If we are honest and wise, we will respond with immediate humility, reverence, and submission to the truth instead of rationalizing or blaming.

There will still be consequences, but God is able to immediately forgive us and help us move on.

Perhaps you can faintly hear a wake-up call right now. Tune out everything else. Listen. Wake up. Change.

What Do You Want More Than Anything?

Help me want the Healer more than the healing.
Help me want the Savior more than the saving.
Help me want the Giver more than the giving.
Help me want you Jesus more than anything.

There are a lot of things we want. Healing for loved ones. Rescue for hurting people. Gifts to be able to use for God’s glory. All things with good intent, but how often do we want to result more than we want a relationship with God? Are we willing to give up the outcome we expect to be best for the relationship that will be better?

I’ve listened many times to Natalie Grant’s More Than Anything, and it has become an ongoing prayer for me. I don’t want to confuse what I want with Who I want. I don’t want to put the benefits that God can give me ahead of the relationship He gives me. He gives me Himself, not just blessings, grace, mercy, forgiveness, provision, understanding, and so on.

I want to to know the One who knows all more than receiving a specific answer. I want to know the Provider more than a specific provision. I want to know the One who created me and gives purpose to my life more than I can explain creation and purpose. None of those benefits are bad things. In fact, they are very good things. They flow out of who God is. As I know Him better, all those benefits come in His doses and timing. But receiving them isn’t my goal.

Knowing Him is.

More than anything.

Steep, Don’t Dip

One of the things I appreciated most when recently speaking north of Toronto was the excellent tea. In most places I travel (and live), when I ask for a cup of hot tea, I get a cup of hot water with a tea bag. I don’t get tea; I get potential tea.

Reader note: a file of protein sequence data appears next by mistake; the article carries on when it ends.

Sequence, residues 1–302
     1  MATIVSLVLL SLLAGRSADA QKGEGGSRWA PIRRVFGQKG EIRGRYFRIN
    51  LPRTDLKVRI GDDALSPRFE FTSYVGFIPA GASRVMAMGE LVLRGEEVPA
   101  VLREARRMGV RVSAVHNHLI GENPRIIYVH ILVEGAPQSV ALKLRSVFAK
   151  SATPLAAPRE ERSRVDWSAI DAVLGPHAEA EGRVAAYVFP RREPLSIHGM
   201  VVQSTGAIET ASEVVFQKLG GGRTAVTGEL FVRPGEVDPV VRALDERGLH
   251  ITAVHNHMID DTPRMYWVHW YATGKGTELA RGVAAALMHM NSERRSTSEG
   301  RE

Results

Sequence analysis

Tea needs to steep. That’s how the flavor floods the water so it is bold and consistent. Dipping a tea bag in water that cools with every passing second doesn’t have the same effect. Steeping requires heat and time.

There is a lot in our lives that needs to be steeped with heat and time, yet we prefer to dip. We cautiously, repeatedly dip and are satisfied with the results because we see some change. We don’t worry about the potential, better results we could get with a different process, because we rationalize contentment with our smaller efforts. We don’t want to endure the heat, and we certainly don’t want to wait across much time.

The topic of the weekend at the conference was joy, and we talked about how we can’t expect to truly experience the fullness of the joy God intends by just dipping into it every now and then. We need to steep in it, so that its flavor truly permeates us.

Isn’t that the case with so much of what God provides and wants for us?

What would happen if we steeped in His love, peace, patience, kindness, goodness, faithfulness, gentleness, and self-control? His mercy, grace, forgiveness, generosity, wisdom, power, justice, and compassion?

Steep or dip? It’s your choice.